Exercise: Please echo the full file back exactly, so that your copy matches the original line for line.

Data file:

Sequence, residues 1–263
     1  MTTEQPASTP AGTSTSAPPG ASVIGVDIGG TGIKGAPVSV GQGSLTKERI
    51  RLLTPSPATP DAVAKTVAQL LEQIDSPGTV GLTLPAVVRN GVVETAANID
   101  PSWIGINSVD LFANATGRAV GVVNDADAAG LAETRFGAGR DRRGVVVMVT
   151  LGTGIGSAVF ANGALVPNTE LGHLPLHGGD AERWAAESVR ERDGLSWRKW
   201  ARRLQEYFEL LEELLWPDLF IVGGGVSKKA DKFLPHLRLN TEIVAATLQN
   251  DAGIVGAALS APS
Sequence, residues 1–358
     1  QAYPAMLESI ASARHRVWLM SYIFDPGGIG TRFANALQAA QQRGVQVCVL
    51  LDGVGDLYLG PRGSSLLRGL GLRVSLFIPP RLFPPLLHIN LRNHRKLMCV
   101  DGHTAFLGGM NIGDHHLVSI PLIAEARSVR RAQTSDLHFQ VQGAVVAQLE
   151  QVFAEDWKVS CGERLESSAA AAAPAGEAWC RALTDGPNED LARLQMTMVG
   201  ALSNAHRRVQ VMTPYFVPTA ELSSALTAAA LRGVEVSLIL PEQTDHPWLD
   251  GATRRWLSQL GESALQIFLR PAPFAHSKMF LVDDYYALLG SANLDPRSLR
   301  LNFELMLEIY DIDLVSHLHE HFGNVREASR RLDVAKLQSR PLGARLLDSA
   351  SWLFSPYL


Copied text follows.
Sequence, residues 1–263
     1  MTTEQPASTP AGTSTSAPPG ASVIGVDIGG TGIKGAPVSV GQGSLTKERI
    51  RLLTPSPATP DAVAKTVAQL LEQIDSPGTV GLTLPAVVRN GVVETAANID
   101  PSWIGINSVD LFANATGRAV GVVNDADAAG LAETRFGAGR DRRGVVVMVT
   151  LGTGIGSAVF ANGALVPNTE LGHLPLHGGD AERWAAESVR ERDGLSWRKW
   201  ARRLQEYFEL LEELLWPDLF IVGGGVSKKA DKFLPHLRLN TEIVAATLQN
   251  DAGIVGAALS APS
Sequence, residues 1–358
     1  QAYPAMLESI ASARHRVWLM SYIFDPGGIG TRFANALQAA QQRGVQVCVL
    51  LDGVGDLYLG PRGSSLLRGL GLRVSLFIPP RLFPPLLHIN LRNHRKLMCV
   101  DGHTAFLGGM NIGDHHLVSI PLIAEARSVR RAQTSDLHFQ VQGAVVAQLE
   151  QVFAEDWKVS CGERLESSAA AAAPAGEAWC RALTDGPNED LARLQMTMVG
   201  ALSNAHRRVQ VMTPYFVPTA ELSSALTAAA LRGVEVSLIL PEQTDHPWLD
   251  GATRRWLSQL GESALQIFLR PAPFAHSKMF LVDDYYALLG SANLDPRSLR
   301  LNFELMLEIY DIDLVSHLHE HFGNVREASR RLDVAKLQSR PLGARLLDSA
   351  SWLFSPYL